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Bacterial control of mosquitoes and blackflies, 1990 Biochemistry, Genetics & Applications of Bacillus thuringiensis israelensis and Bacillus sphaericus

Langue : Anglais

Coordonnateurs : de Barjac Huguette, Sutherland Donald J.

Couverture de l’ouvrage Bacterial control of mosquitoes and blackflies
Mosquitoes and black flies are a constant threat to health and comfort, yet the modern chemical pesticides used to control them have cre­ ated serious ecological problems. Populations of resistant mosquitoes and black flies have evolved, beneficial insects and natural predators have been destroyed, and environmental pollution has increased worldwide. Therefore, scientists have energetically sought new, environmentally safe technologies to combat mosquitoes and black flies and the diseases they carry. Among the most effective alternative means of controlling these pests are the highly spe­ cific microbial agents derived from Bacillus tburingiensis or Bacillus spbaericus. The microbial control of mosquitoes and black flies is a very important, rapidly developing area of science. Entomologists and microbiologists have already achieved spectacular successes using B. tburingiensis and B. spbaericus against these pests. Recent discoveries of new bacterial isolates specific to new hosts and recent genetic improvements in these isolates have created the potential for wide-scale use of these biological control agents. Efficient microbial control of mosquitoes and black flies can now be achieved, but a proper knowledge of factors relating to the safe and effective use of these biological control agents is necessary. The efficacy of B. tburingiensis and B. spbaericus is influenced by the inherent differential tol­ erance of the target mosquitoes or black flies, by the formulation technology and application of these agents, and by environmental factors, especially sun­ light and temperature.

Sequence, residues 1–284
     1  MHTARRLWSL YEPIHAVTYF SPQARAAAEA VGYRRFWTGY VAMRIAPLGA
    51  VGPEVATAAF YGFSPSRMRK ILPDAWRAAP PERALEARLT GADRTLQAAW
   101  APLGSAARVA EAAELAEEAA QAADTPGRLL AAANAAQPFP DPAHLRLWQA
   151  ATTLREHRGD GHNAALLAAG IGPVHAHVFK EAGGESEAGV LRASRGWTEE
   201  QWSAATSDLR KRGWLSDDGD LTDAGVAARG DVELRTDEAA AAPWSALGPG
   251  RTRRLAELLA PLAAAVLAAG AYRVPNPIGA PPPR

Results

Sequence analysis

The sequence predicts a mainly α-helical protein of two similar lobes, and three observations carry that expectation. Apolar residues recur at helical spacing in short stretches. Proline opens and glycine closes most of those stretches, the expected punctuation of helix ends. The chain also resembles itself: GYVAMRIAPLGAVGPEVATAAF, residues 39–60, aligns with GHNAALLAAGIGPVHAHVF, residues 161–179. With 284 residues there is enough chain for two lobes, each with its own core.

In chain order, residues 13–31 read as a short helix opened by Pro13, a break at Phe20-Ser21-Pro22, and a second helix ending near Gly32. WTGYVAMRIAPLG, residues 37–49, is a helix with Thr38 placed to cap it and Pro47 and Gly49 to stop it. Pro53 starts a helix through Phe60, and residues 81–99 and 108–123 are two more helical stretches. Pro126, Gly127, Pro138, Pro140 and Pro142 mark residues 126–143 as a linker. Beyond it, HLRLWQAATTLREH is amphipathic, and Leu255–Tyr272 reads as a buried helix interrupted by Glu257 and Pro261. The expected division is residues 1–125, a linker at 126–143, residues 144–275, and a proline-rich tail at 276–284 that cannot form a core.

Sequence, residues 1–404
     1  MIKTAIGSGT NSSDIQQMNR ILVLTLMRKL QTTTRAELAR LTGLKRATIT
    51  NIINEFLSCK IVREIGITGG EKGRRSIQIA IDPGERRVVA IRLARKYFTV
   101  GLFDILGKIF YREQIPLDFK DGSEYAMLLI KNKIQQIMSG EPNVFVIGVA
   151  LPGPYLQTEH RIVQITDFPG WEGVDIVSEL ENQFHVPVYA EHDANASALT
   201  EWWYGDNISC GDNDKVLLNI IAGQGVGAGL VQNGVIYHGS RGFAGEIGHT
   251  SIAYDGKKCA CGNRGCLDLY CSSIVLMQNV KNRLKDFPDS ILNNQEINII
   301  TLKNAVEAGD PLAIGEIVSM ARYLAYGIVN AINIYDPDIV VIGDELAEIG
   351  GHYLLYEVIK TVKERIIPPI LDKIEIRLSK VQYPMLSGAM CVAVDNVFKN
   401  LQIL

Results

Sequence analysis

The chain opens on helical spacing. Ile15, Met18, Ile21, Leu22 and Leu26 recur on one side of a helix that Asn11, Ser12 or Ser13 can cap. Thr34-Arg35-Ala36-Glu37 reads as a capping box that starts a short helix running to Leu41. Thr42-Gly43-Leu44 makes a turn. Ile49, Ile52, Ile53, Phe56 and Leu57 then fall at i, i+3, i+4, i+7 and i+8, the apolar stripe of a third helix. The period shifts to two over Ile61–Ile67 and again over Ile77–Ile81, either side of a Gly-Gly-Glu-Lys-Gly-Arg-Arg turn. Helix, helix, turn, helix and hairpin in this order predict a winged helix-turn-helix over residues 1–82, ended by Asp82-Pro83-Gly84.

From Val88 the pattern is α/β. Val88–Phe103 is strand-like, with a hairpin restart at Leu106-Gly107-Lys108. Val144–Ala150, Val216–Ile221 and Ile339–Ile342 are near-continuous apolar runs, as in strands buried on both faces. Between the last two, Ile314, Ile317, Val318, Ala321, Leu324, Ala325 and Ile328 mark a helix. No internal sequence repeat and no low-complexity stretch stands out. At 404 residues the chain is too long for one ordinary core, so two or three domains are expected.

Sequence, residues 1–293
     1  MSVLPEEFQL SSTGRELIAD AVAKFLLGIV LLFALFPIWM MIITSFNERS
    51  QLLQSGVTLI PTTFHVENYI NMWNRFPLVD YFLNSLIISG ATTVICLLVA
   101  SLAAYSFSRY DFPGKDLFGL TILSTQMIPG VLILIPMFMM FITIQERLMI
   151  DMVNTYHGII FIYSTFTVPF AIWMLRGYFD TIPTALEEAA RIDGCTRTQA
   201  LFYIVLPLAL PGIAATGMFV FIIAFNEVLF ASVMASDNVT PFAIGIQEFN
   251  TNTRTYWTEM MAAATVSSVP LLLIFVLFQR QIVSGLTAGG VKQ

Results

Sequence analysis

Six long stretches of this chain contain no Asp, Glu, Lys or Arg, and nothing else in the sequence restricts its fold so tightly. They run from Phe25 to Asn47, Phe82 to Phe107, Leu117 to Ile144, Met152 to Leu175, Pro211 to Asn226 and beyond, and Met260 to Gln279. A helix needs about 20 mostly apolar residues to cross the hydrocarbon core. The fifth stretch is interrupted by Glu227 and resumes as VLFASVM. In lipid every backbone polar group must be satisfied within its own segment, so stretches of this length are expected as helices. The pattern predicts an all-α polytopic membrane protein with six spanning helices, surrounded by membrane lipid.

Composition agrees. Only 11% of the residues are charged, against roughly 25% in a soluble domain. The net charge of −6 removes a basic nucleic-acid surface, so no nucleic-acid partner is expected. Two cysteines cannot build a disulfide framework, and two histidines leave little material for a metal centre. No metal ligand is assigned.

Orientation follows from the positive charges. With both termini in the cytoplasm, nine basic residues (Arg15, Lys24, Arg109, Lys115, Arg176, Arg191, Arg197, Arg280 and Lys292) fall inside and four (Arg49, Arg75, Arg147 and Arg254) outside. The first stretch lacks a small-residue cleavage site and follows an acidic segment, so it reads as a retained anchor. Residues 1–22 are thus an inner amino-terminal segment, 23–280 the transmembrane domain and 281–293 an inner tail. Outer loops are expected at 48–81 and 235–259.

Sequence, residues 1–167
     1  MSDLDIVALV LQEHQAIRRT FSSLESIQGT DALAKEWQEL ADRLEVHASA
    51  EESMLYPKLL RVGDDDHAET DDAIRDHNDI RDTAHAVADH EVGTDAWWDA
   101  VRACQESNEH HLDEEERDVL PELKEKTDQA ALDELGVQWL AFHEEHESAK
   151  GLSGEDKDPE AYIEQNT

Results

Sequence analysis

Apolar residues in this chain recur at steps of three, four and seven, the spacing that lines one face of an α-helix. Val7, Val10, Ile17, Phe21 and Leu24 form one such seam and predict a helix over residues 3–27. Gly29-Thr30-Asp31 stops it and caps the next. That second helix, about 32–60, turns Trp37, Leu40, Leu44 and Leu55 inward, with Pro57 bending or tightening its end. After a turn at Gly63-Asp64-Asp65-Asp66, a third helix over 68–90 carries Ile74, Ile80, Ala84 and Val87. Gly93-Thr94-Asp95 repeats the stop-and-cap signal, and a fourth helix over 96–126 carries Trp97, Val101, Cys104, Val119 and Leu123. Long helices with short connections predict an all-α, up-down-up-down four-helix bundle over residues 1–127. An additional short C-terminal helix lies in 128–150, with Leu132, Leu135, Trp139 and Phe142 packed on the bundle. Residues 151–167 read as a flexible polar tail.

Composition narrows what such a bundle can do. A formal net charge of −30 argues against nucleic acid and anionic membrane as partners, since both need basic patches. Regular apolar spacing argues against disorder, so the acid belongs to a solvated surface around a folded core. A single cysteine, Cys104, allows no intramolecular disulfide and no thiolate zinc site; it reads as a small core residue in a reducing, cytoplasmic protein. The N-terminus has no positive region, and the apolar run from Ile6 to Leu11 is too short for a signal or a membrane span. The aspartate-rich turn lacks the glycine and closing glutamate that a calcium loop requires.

1 Bacillus thuringiensis subsp. israelensis (B.t.i.).- 1 Discovery of Bacillus thuringiensis israelensis.- 1.1 Introduction.- 1.2 Geography, Climate, and Environmental Conditions.- 1.3 Detection and Isolation.- 2 Characterization and Prospective View of Bacillus thuringiensis israelensis.- 3 Parasporal Body of Bacillus thuringiensis israelensis: Structure, Protein Composition, and Toxicity.- 3.1 Introduction.- 3.2 Synthesis.- 3.3 Structure.- 3.4 Purification and Solubilization.- 3.5 Protein Composition.- 3.6 Toxicity.- 3.6.1 Intact or Solubilized Parasporal Body.- 3.6.2 The 27-kDa Protein.- 3.6.3 The 65-kDa Protein.- 3.6.4 The 128- and 135-kDa Proteins.- 3.6.5 Synergistic Interaction of Toxic Proteins.- 3.7 Mosquiticidal Parasporal Bodies of Other Subspecies of B. thuringiensis.- 3.8 Discussion.- 4 Mechanism of Action of Bacillus thuringiensis israelensis Parasporal Body.- 4.1 Introduction.- 4.2 Mechanism of Action.- 4.2.1 Receptors.- 4.2.2 Toxin Structure and Membrane Insertion.- 4.2.3 Colloid-Osmotic Lysis Theory.- 4.2.4 Toxin Oligomerization.- 4.3 Discussion.- 5 Genetics of Bacillus thuringiensis israelensis.- 5.1 Introduction.- 5.2 Genetic Exchange Systems.- 5.2.1 Transformation.- 5.2.2 Transduction.- 5.2.3 Plasmid Transfer.- 5.3 Plasmids and Crystal Toxin Production.- 5.3.1 Plasmids and Plasmid Curing Analysis.- 5.3.2 Location of the ?-endotoxin Gene.- 5.4 Cloning of the Crystal Toxin Gene(s).- 5.5 Genetics and Biochemistry of the Crystal Toxin.- 5.6 Conclusions.- 6 Cloning of Bacillus thuringiensis israelensis Mosquito Toxin Genes.- 6.1 Introduction.- 6.2 Early Confusion in Cloning B.t.i. Toxin Protein Genes.- 6.3 Current Picture of B.t.i. Toxin Protein Genes.- 6.4 Discussion.- 7 Transfer of the Bacillus thuringiensis israelensis Mosquiticidal Toxin Gene into Mosquito Larval Food Sources.- 7.1 Introduction.- 7.2 Assignment of Toxic Activity.- 7.3 Cloning of the Mosquito Toxin Gene.- 7.4 Mosquito and Black Fly Larval Food Sources.- 7.5 Introduction of the Mosquito Toxin Gene into Larval Food Sources.- 7.6 Safety Aspects.- 8 Potential for Improved Formulations of Bacillus thuringiensis israelensis through Standardization and Fermentation Development.- 8.1 Introduction.- 8.2 History.- 8.2.1 Background.- 8.2.2 Discovery and Early History.- 8.2.3 Standardizing and Measuring B.t. Products.- 8.2.3.1 Early Concepts.- 8.2.3.2 The Spore Count.- 8.3 Bioassays and the International Unit.- 8.3.1 Philosophical Differences between Bioassays of Chemical and Microbial Insecticides.- 8.3.2 Bioassays and the LC50.- 8.3.3 Choice of Insect Species for Bioassay.- 8.3.4 The International Unit.- 8.3.5 The de Barjac Protocol for B.t.i.: Its Design and Principles.- 8.3.5.1 Preparation of Stock Suspension of the Standard.- 8.3.5.2 Preparation of Suspension of the Test Samples.- 8.3.5.3 Specifications for Larvae Used in Assay.- 8.3.5.4 Reading the Assay.- 8.3.5.5 Evaluations of Assays and Their Reproducibility.- 8.4 Activity Ratios.- 8.4.1 Definition of Activity Ratios.- 8.4.2 Use and Significance of Activity Ratios.- 8.4.2.1 Tn/Hv Ratios of subspecies kurstaki.- 8.4.2.2 Cq/Aa Ratios of subspecies israelensis.- 8.4.2.3 Reproducibility of Activity Ratios in Fermentation Studies.- 8.5 Potential for Improvements in Production of the B.t.i. Toxin.- 8.5.1 Fermentation.- 8.5.1.1 Strain Selection.- 8.5.1.2 Aeration.- 8.5.1.3 Selection of Nutrients.- 8.5.2 Recovery.- 8.5.2.1 Spore-crystal Formulations.- 8.5.2.2 Viable Spore-free Formulations.- 8.6 Summary.- 8.6.1 Bioassays and the Production of B.t..- 8.6.2 Bioassays and the Future of B.t..- 9 Activity, Field Efficacy, and Use of Bacillus thuringiensis israelensis against Mosquitoes.- 9.1 Introduction.- 9.2 Laboratory Evaluation.- 9.2.1 Screening Procedures.- 9.2.2 Preliminary Screening.- 9.2.3 Species Specificity.- 9.2.4 Instar Susceptibility.- 9.2.5 Biotic and Abiotic Factors Influencing Activity.- 9.2.6 Delayed Effects.- 9.3 Field Evaluation and Efficacy Trials.- 9.3.1 Spectrum of Field Activity.- 9 3.1.1 Floodwater Mosquitoes.- 9.3.1.2 Anopheles Mosquitoes.- 9.3.1.3 Culex Mosquitoes.- 9.3.2 Persistence and Recycling.- 9.4 Impact on Nontarget Organisms.- 9.5 Microbial Larvicides in Integrated Control of Mosquitoes.- 10 Progress in the Biological Control of Black Flies with Bacillus thuringiensis israelensis, with Emphasis on Temperate Climates.- 10.1 Nature of the Black Fly Problem in Temperate Climates.- 10.2 Advent of B.t.i..- 10.3 Trends in Recent Research Efforts.- 10.4 Factors Affecting the Efficacy of B.t i. against Black Flies.- 10.4.1 Environmental Parameters.- 10.4.1.1 Discharge.- 10.4.1.2 Stream Profile.- 10.4.1.3 Turbidity.- 10.4.1.4 Pollutants.- 10.4.1.5 Water Temperature.- 10.4.1.6 pH.- 10.4.1.7 Degree of Vertical Mixing in the Water Column.- 10.4.1.8 Reduced Water Velocity Due to Negative Relief.- 10.4.1.9 Attachment of B.t.i. to Benthic Substrates/Sediments.- 10.4.1.10 Other Factors.- 10.4.2 Black Fly Parameters.- 10.4.2.1 Larval Age.- 10.4.2.2 Species.- 10.4.2.3 Feeding Behavior.- 10.4.3 Formulation Parameters.- 10.4.3.1 Particle Size.- 10.4.3.2 Powdered versus Liquid Formulations.- 10.4.3.3 Formulation Additives.- 10.4.4 Treatment Parameters.- 10.4.4.1 Concentration.- 10.4.4.2 Duration of Application.- 10.4.4.3 Preparation of Powdered Formulations.- 10.5 Lack of Correlation in Formulation Potency against Black Flies and Mosquitoes.- 10.6 Effect of B.t.i. on Black Fly Populations.- 10.7 Effect of B.t.i. on Nontarget Populations.- 10.7.1 Toxicity.- 10.7.2 Inducement of Drift.- 10.8 Treatment and Assessment Methodologies.- 10.8.1 Discharge Calculation.- 10.8.2 Treatment.- 10.8.3 Assessments of Black Fly Mortality.- 10.9 Product/Formulation Improvement.- 10.10 Area-control Programs.- 10.11 Possibility of Resistance.- 10.12 Research Priorities in Temperate Climates.- 10.13 Conclusions.- 11 Use of Bacillus thuringiensis israelensis for Onchocerciasis Control in West Africa.- 11.1 Introduction.- 11.2 The Search for Suitable B.t.i. Formulations.- 11.3 Operational Use of B.t.i. in the OCP.- 11.4 Discussion and Prospects.- 12 Mammalian Safety of Bacillus thuringiensis israelensis.- 12.1 Introduction.- 12.2 Source and Preparation of Cultures.- 12.3 Results and Discussion.- 12.3.1 Oral and Intraperitoneal Administration.- 12.3.2 Subcutaneous Injection.- 12.3.3 Aerosol Exposure.- 12.3.4 Intracerebral Injection.- 12.3.5 Clearance.- 12.3.6 Ocular Irritancy.- 12.4 Summary.- 12.5 Summary of Other Studies.- 2 Bacillus sphaericus.- 3 Introduction to the Study of Bacillus sphaericus as a Mosquito Control Agent.- 13.1 Introduction.- 13.2 History of Extant Strains.- 13.3 Future Strains.- 14 Classification of Bacillus sphaericus Strains and Comparative Toxicity to Mosquito Larvae.- 14.1 Introduction.- 14.2 Different Approaches to the Classification and Characterization of Toxic Strains.- 14.3 Comparative Toxicity of Various Serotypes.- 14.4 Distribution of the Larvicidal Strains and Activity Ratios.- 15 The Mosquito Larval Toxin of Bacillus sphaericus.- 15.1 Location of the Toxin in the Bacterial Cell.- 15.2 Biochemical Nature of the Toxin.- 15.3 Pathology in the Host.- 15.4 Host Range of the Toxin.- 15.5 Pathology of the Toxin in Cultured Cells.- 15.6 Comparison of the B. sphaericus Toxin with the B.t.i. Toxin.- 16 Genetics of Bacillus sphaericus.- 16.1 Introduction.- 16.2 Evidence of Genetic Heterogeneity within the Species B. sphaericus.- 16.3 Naturally Occurring Antibiotic Resistances in B. sphaericus.- 16.4 Auxotrophic Mutants of B. sphaericus.- 16.5 Transformation of B. sphaericus with Plasmid DNA.- 16.6 B sphaericus Mutants with Limited Restriction Endonuclease Activity.- 16.7 Evidence for the Existence of a Bsp 1593 Modification System.- 16.8 Conjugal Transfer of pAMßl in B. sphaericus 1593.- 16.9 Construction of Plasmid Vectors for Cloning in B sphaericus 1593.- 16.10 Cloning of B. sphaericus Larvicidal Toxin Genes.- 17 Local Production of Bacillus sphaericus.- 17.1 Introduction.- 17.2 The Need for Local Production ofB. sphaericus.- 17.3 Growth and Cultivating Conditions for B. sphaericus.- 17.4 Formulation of B. sphaericus.- 17.5 Economics of Local Production of B. sphaericus.- 17.6 Conclusions.- 18 Persistence and Formulation of Bacillus sphaericus.- 18.1 Introduction.- 18.2 Factors Affecting Residual Activity.- 18.2.1 Definitions.- 18.2.2 Water Quality, Depth, and Feeding Behavior.- 18.2.3 Solar Radiation.- 18.2.4 Species Susceptibility.- 18.2.5 Recycling.- 18.3 Formulation: Field Efficacy.- 18.3.1 Granules.- 18.3.2 Flowable Concentrates.- 18.3.3 Sustained-release Formulations.- 18.3.4 Storage Considerations.- 18.4 Recommendations for Future Formulation Research.- 19 Formulations and Persistence of Bacillus sphaericus in Culex quinquefasciatus Larval Sites in Tropical Africa.- 19.1 Introduction.- 19.2 Field Evaluation.- 19.2.1 Wettable Powder 1593.- 19.2.2 Flowable Concentrate 2362.- 19.3 Bacteriological Tests.- 19.4 Discussion.- 19.4.1 Persistence of B. sphaericus in the Field.- 19.4.2 Recycling of B sphaericus in the Field.- 19.5 Conclusions.- 19.6 Summary.- 20 Field Trials of Bacillus sphaericus for Mosquito Control.- 20.1 Introduction.- 20.2 General Information on Field Trials.- 20.3 Field Trials against Culex.- 20.4 Field Trials against Aedes, Anopheles, Mansonia, andPsorophora.- 20.5 Discussion.- 21 Mammalian Safety of Bacillus sphaericus.- 21.1 Introduction.- 21.2 Source and Preparation of Cultures.- 21.3 Results and Discussion.- 21.3.1 Subcutaneous and Intraperitoneal Injection.- 21.3.2 Intradermal Injection.- 21.3.3 Ocular Irritancy.- 21.3.4 Intraocular Injection.- 21.3.5 Ocular Persistence.- 21.3.6 Intracerebral Injection.- 21.4 Summary of Other Studies.- 21.5 Conclusion.- 3 The Future.- 22 The Future of Bacterial Control of Mosquito and Black Fly Larvae.- 22.1 Introduction.- 22.2 Perspective for the Next Decade.- 22.2.1 Supportive Factors.- 22.2.2 Counterfactors.- 22.3 Prospects for the Future.